When nonprofit travel site Couchsurfing went private, members complained, but the move offers the organization (and its founders) key advantages.
Couchsurfing, the web service founded in 2003 to match travelers with local hosts, set itself apart as a community site, run by a skeleton staff and volunteers who emphasized their devotion to catalyzing intercultural experiences. The organization wanted to be certified as a charity, but the IRS didn’t agree—they saw it as a way for people to get cheap rooms, not enriching experiences.
“They said that, to them, we look like Facebook, and they didn’t really get why this should be considered about interculutural exchange,” Daniel Hoffer, a Couchsurfing co-founder, says.
The IRS was prescient; last week, Couchsurfing became a for-profit, socially focused B Corporation, garnering $7.6 million in funding, with Hoffer becoming CEO.
The move prompted a small but vocal group of the site’s users to protest, arguing that the company should release its volunteer-written source code and find another way to organize. Hoffer, and his fellow co-founder, Casey Fenton, who had been the group’s executive director before the change, say they’re acting pragmatically to preserve the service in the face of serious institutional challenges and enhance its offerings while maintaining its social mission.
So did Hoffer and Fenton sell out, or are they acting in the best interests of their members? The answer is “yes”—Hoffer and Fenton chose a route that offers them a potential payout down the road, but their move also puts Couchsurfing in a position to succeed. It’s exactly the middle ground where social enterprise thrives.
After their final application for 501c3 status was rejected, Hoffer says that the company was in a bind: They lacked the ability to bring in tax-free donations, but they also couldn’t offer engineers competitive salaries to improve their service. That doesn’t mean that Couchsurfing would have come to an end—it had worked for almost seven years in the same status—but it did limit growth and usability.
Meanwhile, for-profit services offering similar services, like Airbnb, Tripping.com and OneFineStay, have been racking up millions of dollars in venture funding. Accessing cash on that scale seemed like a no-brainer, and the B Corporation structure (which writes a social mission into the company’s charter) offered the best way to grow the organization while maintaining its mission.
It’s important to understand this was a choice; there is some confusion over a fee, reportedly $1 million, the company owed the state of New Hampshire, where they were originally registered as a nonprofit. The fee was a result of making Couchsurfing a for-profit, not an incentive to do so—the payment represents the value of the company’s charitable assets, which must be returned to the public before it going private, and will be used to offer cultural exchange grants. Consider it a measure of the social value of the volunteer work that went into creating the organization.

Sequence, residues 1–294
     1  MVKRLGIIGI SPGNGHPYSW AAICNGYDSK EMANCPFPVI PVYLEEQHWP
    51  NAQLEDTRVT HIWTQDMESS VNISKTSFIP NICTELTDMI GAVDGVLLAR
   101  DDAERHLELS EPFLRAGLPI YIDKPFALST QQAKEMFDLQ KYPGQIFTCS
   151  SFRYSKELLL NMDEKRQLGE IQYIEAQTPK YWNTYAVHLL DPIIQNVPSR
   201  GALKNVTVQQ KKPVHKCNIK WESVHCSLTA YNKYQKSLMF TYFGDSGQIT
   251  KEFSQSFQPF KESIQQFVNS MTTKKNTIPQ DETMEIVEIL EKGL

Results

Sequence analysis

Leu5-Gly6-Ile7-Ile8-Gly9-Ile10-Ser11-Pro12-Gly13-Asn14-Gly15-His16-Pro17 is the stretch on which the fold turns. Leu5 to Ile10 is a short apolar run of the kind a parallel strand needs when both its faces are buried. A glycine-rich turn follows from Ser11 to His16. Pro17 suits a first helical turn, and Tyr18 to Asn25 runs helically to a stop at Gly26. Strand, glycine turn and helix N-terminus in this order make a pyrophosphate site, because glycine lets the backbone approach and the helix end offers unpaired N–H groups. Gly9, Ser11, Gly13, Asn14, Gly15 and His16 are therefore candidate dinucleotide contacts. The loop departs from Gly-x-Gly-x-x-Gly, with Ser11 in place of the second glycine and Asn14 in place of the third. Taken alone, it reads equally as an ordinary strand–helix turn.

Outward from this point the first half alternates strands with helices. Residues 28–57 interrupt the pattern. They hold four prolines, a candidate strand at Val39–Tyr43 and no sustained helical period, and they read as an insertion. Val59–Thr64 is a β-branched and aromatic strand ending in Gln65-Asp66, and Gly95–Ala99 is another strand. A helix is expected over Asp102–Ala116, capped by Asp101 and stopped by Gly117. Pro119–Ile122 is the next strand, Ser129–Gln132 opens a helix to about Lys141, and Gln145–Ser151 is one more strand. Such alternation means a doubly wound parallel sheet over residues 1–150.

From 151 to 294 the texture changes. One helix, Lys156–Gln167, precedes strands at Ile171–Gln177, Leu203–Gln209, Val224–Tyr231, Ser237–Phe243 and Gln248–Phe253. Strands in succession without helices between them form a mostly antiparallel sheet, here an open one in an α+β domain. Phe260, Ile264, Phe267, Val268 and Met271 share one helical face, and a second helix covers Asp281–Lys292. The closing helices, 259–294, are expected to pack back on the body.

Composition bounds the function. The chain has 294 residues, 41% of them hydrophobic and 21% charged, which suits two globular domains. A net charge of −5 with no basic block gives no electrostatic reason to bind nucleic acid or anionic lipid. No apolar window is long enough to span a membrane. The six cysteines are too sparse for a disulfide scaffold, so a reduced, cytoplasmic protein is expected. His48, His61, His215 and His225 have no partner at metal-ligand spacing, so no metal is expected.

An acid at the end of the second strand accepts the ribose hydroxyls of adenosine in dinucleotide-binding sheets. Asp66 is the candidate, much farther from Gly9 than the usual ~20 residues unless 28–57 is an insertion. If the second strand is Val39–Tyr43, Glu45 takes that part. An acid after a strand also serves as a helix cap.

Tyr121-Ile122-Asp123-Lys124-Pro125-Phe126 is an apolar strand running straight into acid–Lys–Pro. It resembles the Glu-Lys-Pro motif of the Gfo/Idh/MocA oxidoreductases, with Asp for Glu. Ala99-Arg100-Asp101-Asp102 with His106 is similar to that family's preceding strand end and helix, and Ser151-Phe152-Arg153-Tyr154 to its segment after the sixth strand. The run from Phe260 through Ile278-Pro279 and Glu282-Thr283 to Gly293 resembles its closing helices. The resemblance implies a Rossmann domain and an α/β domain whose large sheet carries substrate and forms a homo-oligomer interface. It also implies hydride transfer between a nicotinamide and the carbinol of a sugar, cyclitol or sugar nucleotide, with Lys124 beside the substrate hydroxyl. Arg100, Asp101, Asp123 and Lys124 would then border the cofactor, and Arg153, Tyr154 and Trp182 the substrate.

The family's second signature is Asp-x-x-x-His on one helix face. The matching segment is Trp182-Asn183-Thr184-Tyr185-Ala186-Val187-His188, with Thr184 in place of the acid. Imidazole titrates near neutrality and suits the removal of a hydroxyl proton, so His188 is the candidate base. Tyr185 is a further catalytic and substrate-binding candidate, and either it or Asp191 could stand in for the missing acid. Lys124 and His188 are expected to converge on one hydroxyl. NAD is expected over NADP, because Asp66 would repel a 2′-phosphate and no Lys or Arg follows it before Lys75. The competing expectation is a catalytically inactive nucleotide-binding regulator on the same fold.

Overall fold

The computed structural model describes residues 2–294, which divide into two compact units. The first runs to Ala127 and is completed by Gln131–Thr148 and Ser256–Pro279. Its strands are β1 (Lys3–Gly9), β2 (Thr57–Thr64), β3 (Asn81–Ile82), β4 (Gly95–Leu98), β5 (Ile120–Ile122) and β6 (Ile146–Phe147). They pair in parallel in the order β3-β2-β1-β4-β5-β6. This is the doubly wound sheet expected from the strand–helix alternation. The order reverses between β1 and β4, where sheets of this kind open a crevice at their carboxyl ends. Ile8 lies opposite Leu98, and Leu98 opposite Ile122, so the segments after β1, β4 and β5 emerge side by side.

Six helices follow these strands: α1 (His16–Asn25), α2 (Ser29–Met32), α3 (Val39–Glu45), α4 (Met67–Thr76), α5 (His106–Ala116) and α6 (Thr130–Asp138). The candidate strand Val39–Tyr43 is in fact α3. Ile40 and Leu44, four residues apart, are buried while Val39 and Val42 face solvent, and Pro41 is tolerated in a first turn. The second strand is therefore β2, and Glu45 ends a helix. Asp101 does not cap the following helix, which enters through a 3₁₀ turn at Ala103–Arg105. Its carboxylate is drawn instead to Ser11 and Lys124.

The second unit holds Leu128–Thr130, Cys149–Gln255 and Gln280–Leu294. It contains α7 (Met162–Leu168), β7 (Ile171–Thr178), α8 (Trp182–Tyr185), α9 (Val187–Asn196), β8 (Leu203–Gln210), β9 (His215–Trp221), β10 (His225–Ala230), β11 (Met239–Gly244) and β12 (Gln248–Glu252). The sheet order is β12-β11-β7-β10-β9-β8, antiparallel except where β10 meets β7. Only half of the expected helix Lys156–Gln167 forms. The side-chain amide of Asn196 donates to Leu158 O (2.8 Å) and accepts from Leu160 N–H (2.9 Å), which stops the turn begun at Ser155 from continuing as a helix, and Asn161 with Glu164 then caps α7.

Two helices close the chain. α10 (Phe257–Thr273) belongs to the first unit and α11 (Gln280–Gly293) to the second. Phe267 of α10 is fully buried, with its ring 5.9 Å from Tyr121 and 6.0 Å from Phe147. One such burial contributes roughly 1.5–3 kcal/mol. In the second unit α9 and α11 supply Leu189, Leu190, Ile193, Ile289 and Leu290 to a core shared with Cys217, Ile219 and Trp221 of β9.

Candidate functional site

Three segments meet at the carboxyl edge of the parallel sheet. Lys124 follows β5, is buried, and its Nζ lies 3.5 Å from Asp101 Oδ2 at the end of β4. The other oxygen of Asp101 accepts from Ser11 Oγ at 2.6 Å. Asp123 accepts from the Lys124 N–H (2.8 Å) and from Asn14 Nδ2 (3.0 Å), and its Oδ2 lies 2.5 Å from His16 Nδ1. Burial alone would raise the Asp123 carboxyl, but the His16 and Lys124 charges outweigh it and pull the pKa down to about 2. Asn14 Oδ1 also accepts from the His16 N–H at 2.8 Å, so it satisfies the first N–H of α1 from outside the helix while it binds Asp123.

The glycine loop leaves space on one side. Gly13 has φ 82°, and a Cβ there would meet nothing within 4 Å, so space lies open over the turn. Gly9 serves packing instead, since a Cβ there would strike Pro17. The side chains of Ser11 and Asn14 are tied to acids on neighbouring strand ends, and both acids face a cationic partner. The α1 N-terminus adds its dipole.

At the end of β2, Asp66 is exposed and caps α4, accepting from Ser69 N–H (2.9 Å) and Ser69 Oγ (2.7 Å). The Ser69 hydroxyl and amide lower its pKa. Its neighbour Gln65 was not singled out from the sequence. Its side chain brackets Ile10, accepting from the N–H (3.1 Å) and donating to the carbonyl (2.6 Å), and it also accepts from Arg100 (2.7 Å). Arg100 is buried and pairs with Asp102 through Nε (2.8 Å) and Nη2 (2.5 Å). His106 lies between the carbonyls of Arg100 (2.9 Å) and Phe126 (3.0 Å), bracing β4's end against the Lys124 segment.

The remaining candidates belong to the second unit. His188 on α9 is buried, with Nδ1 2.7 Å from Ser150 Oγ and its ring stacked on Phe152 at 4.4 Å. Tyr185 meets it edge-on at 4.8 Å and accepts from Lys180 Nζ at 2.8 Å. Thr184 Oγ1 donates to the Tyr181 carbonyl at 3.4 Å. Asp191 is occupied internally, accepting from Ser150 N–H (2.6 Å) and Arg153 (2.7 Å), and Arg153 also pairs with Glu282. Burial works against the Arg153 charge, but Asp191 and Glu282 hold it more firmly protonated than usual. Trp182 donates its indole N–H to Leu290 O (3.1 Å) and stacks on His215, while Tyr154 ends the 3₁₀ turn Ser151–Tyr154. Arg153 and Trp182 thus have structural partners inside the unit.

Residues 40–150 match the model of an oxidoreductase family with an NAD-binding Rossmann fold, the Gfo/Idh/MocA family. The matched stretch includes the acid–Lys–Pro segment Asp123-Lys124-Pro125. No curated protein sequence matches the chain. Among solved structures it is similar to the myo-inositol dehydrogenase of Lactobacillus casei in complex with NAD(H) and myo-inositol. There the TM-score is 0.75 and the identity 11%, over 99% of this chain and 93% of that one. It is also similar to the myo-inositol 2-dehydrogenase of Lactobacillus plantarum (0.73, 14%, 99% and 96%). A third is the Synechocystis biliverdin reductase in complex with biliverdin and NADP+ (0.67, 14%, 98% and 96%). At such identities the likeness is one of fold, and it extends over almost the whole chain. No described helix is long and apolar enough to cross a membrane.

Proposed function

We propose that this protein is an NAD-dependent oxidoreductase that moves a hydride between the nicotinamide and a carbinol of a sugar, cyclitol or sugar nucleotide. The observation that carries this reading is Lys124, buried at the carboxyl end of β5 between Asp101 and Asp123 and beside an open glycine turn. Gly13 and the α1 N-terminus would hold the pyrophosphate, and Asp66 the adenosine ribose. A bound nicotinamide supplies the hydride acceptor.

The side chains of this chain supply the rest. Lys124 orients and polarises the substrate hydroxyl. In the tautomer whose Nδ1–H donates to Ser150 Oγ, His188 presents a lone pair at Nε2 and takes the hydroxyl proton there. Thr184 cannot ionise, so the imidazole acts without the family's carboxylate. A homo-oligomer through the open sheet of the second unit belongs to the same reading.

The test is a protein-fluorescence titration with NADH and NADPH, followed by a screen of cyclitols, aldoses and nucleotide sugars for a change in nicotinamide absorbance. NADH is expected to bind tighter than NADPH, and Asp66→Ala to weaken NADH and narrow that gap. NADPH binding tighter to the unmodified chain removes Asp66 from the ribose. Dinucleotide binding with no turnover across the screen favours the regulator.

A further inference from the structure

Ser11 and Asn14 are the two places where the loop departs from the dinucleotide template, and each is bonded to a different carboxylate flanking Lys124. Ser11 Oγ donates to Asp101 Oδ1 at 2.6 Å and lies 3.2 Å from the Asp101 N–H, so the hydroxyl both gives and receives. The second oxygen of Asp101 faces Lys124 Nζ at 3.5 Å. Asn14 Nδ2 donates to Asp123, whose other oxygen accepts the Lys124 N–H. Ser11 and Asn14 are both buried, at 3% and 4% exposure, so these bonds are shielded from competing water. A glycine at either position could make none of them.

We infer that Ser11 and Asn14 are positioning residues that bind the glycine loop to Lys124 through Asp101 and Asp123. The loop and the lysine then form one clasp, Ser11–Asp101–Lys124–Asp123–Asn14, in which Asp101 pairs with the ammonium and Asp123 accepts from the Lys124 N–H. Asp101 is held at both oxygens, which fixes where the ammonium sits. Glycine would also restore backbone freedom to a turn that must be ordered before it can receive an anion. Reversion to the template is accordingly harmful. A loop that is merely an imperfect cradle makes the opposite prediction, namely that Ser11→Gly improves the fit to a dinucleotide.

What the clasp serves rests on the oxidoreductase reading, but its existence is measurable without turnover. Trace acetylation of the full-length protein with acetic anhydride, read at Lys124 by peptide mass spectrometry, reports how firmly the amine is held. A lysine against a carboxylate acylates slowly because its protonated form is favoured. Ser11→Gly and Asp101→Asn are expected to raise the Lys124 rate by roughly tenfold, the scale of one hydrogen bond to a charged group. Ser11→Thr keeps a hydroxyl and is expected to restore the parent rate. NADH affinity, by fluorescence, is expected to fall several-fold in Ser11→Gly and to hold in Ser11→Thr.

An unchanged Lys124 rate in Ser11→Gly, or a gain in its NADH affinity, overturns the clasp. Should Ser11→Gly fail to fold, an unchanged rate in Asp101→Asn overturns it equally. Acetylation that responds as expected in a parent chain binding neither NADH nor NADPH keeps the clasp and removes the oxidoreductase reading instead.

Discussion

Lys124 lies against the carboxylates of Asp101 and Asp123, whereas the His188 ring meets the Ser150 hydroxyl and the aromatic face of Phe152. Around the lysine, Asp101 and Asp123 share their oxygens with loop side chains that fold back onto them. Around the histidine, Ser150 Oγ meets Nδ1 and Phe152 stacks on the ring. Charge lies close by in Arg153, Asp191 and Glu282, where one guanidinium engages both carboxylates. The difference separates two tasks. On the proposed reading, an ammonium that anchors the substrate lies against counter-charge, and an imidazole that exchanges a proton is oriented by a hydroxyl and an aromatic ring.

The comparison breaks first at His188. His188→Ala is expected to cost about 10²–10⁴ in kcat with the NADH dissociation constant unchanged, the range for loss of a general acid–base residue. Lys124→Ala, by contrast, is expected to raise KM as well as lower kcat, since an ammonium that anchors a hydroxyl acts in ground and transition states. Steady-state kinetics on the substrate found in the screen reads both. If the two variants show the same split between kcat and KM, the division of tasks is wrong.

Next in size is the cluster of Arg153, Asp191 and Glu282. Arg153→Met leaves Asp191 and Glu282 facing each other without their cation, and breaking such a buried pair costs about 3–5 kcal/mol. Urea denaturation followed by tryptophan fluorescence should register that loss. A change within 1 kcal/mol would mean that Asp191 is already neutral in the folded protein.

There are advantages to going for-profit: The ability to hire engineers to develop the service—it currently lacks a mobile app, a detriment for a travel site—should improve the user experience, and a marketing budget could expand the universe of travel options and destinations for users.
The challenge, of course, is monetizing the experiment, and that comes back to the IRS’ Facebook comparison. Couchsurfing depends on its members for viability; without a thriving group of hosts and travellers, there is no service, so gaining their buy-in (and minimizing their hassle and cost) has to be key. One ray of sunshine: Matt Cohler, one of the new investors in the firm, is a veteran of Facebook and LinkedIn, two organizations that have figured out how to profit from user communities without alienating them.
“Honestly, [our investors] are much more concerned with how we’re going to drive engagement, and other operating metrics, than they are about revenue,” Hoffer says. “We’re a thriving social community, much more than a booking engine for overnight accommodations.”
Keeping the site's members on-board is necessary, but revenue will need to come eventually. That could take many forms, whether Facebook-style targeted ads or Groupon-style travel discounts. Hoffer wouldn’t detail his vision for making money off of Couchsurfing, but did note that a premium model is under consideration as long as the core operations of the website remain free.
Hoffer is convinced that community members will come around once they understand the reasons behind the move—hence this explanatory package of rather eerie, disconcerting web videos—and as the service scales up and offers more value.
“We’re using this as an opportunity to learn about what is comfortable for the community,” he says. “Ultimately, without the support of the community, we are not achieving our social mission.”